While buzz for “Calling My Phone” first began to simmer when the song was teased on TikTok, helping it vault into the top five of the Hot 100, Majid says the song’s success comes more from Columbia’s track record of artist development and trusting the A&R process. And Tjay, despite being just 19, is far from a brand new sensation, as his debut album, State of Emergency, reached No. 5 on the Billboard 200 in 2019, while Polo-Tjay collaboration “Pop Out” climbed all the way to No. 11 on the Hot 100 that same year. But “Calling My Phone” is a singular moment for the Bronx-born MC and one that Majid says reflects on Columbia as a destination for great music.
Here, Majid talks the success of “Calling My Phone,” the crop of rising hip-hop/R&B artists on Columbia and why “this company has become a place where artists like that, and many others, want to be, and that is something A&R and all departments are very proud of.”
Lil Tjay’s “Calling My Phone” with 6LACK debuted at No. 3 on the Hot 100 this week, the first top 10 of his career and an impressive debut for any single. What key decisions did you make to help him achieve that?
Trust the A&R process and trust the A&R’s around you. It started when Tjay had a session with one of our other artists on the roster and he met the producer G.Ry (who produced Drake’s “Laugh Now Cry Later” and “Calling My Phone”). He sent me the song from the session and it was amazing, and the big thing that came out of it for me was he said, “It took me 15 minutes to do.” So when it came down to setting up more sessions for Tjay, we were like, Let’s get him back in with G.Ry since he was able to make that song so easily. Tjay’s A&Rs Maria Arangio and Luis Mota flew to L.A. and got in the studio with Tjay, G.Ry, Bordeaux and Non Native and sent me the hook of the song the next day. We all thought it was great. As we were releasing new music for Tjay at the end of last year, Maria and Lu kept telling me they had a feeling about this song. So my job was to trust them and get the rest of the staff to believe in this song as much as we did. Tjay put an amazing verse on the song and when the 6LACK verse came in, my jaw dropped and we all knew we had a masterpiece. (Shoutout to Tim Glover at Interscope and LVRN for getting 6LACK on the song.)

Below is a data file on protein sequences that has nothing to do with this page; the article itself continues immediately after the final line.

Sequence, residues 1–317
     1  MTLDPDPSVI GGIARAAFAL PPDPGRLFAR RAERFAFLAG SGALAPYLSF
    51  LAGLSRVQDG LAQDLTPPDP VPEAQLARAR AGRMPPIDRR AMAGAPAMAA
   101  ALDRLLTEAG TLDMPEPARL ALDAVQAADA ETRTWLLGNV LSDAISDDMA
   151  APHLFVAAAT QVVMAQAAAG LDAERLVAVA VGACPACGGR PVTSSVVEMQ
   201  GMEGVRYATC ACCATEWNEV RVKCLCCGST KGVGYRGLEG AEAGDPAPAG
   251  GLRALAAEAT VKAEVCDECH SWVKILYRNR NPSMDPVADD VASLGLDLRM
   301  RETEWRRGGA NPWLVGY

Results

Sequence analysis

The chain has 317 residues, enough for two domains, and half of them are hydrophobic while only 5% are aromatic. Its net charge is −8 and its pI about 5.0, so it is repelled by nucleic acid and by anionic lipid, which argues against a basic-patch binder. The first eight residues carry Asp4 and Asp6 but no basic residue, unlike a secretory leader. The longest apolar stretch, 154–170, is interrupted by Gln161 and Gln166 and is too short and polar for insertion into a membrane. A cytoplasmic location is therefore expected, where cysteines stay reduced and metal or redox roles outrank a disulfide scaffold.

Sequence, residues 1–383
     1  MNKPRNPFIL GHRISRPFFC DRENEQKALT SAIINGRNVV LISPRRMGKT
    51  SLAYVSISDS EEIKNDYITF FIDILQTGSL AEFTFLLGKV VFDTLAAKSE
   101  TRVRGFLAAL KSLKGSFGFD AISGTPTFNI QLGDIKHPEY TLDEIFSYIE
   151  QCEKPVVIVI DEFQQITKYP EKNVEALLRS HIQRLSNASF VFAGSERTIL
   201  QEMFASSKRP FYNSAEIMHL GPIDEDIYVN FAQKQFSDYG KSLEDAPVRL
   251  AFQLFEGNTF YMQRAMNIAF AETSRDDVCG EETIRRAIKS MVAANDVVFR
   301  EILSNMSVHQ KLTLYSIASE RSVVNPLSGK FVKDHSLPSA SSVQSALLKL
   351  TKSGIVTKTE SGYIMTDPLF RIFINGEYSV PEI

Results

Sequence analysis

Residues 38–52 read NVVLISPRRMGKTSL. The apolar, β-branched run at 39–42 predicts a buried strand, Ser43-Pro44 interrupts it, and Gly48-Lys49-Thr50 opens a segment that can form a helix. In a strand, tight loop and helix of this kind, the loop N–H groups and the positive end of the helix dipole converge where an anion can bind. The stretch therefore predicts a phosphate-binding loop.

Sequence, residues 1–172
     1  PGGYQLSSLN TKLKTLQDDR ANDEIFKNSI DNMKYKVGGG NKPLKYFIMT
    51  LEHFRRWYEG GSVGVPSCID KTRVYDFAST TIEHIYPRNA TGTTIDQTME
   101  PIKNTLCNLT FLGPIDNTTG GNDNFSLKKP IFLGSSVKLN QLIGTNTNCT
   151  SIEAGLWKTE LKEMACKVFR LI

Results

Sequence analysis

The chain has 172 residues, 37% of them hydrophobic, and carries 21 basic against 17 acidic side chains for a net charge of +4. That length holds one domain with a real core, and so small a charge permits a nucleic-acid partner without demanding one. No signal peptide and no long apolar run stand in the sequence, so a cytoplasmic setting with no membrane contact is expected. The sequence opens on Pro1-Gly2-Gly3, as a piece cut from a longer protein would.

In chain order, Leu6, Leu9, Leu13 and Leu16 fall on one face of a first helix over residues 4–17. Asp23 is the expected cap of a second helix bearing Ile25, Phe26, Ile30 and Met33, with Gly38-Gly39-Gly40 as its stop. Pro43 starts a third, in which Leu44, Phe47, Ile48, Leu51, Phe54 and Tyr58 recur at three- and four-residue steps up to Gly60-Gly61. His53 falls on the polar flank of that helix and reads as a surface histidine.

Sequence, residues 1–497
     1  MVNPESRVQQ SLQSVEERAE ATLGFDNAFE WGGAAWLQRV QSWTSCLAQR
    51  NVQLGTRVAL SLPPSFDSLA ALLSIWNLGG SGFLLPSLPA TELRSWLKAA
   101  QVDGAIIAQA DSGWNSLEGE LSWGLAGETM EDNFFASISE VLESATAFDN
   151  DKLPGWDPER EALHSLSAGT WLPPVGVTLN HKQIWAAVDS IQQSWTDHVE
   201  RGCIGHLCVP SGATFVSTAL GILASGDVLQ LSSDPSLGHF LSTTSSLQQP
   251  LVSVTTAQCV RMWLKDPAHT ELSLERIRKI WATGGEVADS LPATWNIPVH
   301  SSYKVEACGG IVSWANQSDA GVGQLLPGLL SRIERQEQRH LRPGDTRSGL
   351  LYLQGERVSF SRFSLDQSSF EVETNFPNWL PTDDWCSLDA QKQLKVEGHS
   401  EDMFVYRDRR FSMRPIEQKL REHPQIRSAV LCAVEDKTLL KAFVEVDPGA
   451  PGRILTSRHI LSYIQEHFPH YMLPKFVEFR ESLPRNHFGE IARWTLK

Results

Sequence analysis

The song also came in at No. 1 on Streaming Songs, Hot R&B/Hip-Hop Songs and Hot Rap Songs, his first No. 1 on each chart. What helped make it so huge on streaming right out of the gate?
Tjay is not an overnight success. We have been developing him from the time I met him at 17 years old until now. His first album True 2 Myself is certified platinum and he has over 10 songs certified gold or platinum. He is a superstar and people wanted a core hit song from him, but our job was to help elevate the sound. When you have an unexpected feature like 6LACK on a song with Tjay, you wake up two rabid fan bases, and the result is a global hit.
Columbia has a very strong roster of young, rising R&B/hip-hop talent. How have you prioritized those genres in your A&R department?
[Chairman/CEO] Ron Perry and [GM] Jen Mallory have done an incredible job building a staff that just has great taste — a lot whom have great taste in R&B/hip-hop. So when we set out to build the A&R staff, signing and developing next-generation R&B/hip-hop acts was top priority. We went after acts that we felt we understood and would have a great impact culturally. We can look acts like Lil Tjay, Polo G, Lil Nas X and Kid Laroi in the eye and confidently say, “We understand you and where you want to go.” This company has become a place where artists like that, and many others, want to be, and that is something A&R and all departments are very proud of.
What’s the biggest factor in helping an artist break through today? And how has that changed during your time in the music business?
Great music, strong vision and an incredible team. I don’t think that has changed in the history of the business. The only thing that has changed is the technology on how the music is brought to the fans. But I just think it’s important to keep it simple and to trust the process.